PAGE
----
One Hundred Summers


One Hundred Summers

A Kiowa Calendar Record

Candace S. Greene
Foreword by Ellen Censky
Preface by Daniel C. Swan
Glossary by Gus Palmer Jr.

286 pages
65 color plates, 28 b&w images, 1 map


March 2009


$39.95 Add to Cart

About the Book

Prior to widespread literacy, the Kiowa people recorded their history in pictorial calendars, marking an entry for each summer and each winter. One Hundred Summers presents a recently discovered calendar, created by the Kiowa master artist Silver Horn. Covering the period from 1828 to 1928, the pictures trace Kiowa experiences from buffalo to biplanes, from horse raiding to World War I service, offering an indigenous perspective on a critical period of Kiowa history. The calendar, now housed at the Sam Noble Oklahoma Museum of Natural History, is reproduced in full color in this book.
Weaving together information from archival sources, community memories, and a close reading of the pictures themselves, Candace S. Greene frames and clarifies this uniquely Native American perspective on Southern Plains history during an era of great political, economic, and cultural pressures. A rare window on a century of Kiowa life, One Hundred Summers is also an invaluable contribution to the indigenous history of North America.
Beautifully produced with sixty-five color plates and twenty-five black & white images, this volume includes appendices featuring a wealth of unpublished primary source material on other Kiowa calendars and a glossary by a native Kiowa speaker.

Author Bio

Candace S. Greene is an ethnologist in the Department of Anthropology at the Smithsonian Institution in Washington DC. She is the author of Silver Horn: Master Illustrator of the Kiowa and the coeditor (with Russell Thornton) of The Year the Stars Fell: Lakota Winter Counts at the Smithsonian (Nebraska 2007).
Ellen Censky is the former director of the Sam Noble Oklahoma Museum of Natural History and currently serves as vice president of the Milwaukee Public Museum. Daniel C. Swan is the associate curator of ethnology at the Sam Noble Oklahoma Museum of Natural History and an associate professor of anthropology at the University of Oklahoma. Gus Palmer Jr. is an associate professor of anthropology at the University of Oklahoma.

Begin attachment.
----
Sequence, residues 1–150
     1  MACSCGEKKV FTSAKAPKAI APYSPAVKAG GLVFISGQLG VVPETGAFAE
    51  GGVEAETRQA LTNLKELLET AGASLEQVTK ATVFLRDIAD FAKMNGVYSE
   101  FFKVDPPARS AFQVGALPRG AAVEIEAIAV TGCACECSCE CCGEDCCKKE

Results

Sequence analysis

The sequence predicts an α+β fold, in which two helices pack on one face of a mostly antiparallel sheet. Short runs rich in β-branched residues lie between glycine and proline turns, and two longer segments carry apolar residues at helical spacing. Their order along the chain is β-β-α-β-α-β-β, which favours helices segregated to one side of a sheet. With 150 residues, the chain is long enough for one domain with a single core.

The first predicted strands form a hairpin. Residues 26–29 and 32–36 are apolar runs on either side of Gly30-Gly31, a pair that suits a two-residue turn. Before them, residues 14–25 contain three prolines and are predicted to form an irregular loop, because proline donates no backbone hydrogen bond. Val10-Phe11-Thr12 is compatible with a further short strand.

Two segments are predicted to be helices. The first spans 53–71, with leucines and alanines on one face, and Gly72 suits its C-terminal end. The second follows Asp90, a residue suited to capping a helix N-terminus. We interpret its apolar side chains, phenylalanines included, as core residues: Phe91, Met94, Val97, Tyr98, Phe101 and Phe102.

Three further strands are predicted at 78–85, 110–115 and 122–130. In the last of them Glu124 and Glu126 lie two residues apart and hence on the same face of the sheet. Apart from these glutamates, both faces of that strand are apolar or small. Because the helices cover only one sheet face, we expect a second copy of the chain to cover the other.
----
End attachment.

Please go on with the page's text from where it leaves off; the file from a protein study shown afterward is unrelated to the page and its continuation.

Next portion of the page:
"Beautifully reproduced in full color, this volume provides a fascinating look, not only at the Kiowa, but also at the gifted artist who kept a priceless record. . . . Much more than just another coffee table book, anyone with even a remote interest in American Indian artwork or history will savor this intelligent, well-researched work."—Sandy Amazeen,

"A solid scientific work, clearly arranged and well-written."—Dagmar Siebelt, Anthropos

"One Hundred Summers brings to light a striking document by one of the most important calendar keepers among the Kiowas and is a welcome addition to a growing number of publications and on-line projects that provide complete photographic records and analyses of books of Plains Indian ledger drawings."—Phillip Earenfight, Great Plains Research

"One Hundred Summers reminds us that indigenous cultures have not vanished, but have changed and evolved over the past two centuries. It also reminds us that, for those who care enough to look and listen, American Indians have a lot to tell us about their own past."—Greg Olson, Annals of Iowa

"There is much to ponder in this book; it is a triumph of scholarship that has rescued a valuable document of Kiowa life, one that tells us a great deal indeed about a pivotal century in the tribe's history."—Clyde Ellis, Museum Anthropology Review

Table of Contents

List of Illustrations  

Foreword by Ellen Censky     

Preface by Daniel C. Swan    


Note on Language 

1. The Kiowa Calendar Tradition    

2. The Silver Horn Calendar: A New Discovery   

3. The University of Oklahoma Calendar   

Glossary of Kiowa Names and Terms  

Appendix A: Little Bluff Calendar Text   

Appendix B: Hauvahte Calendar Text 

Appendix C: Other Kiowa Calendars  






2010 Association of American University Presses Annual Juried Book, Jacket, and Journal Show, winner: scholarly illustrated category.

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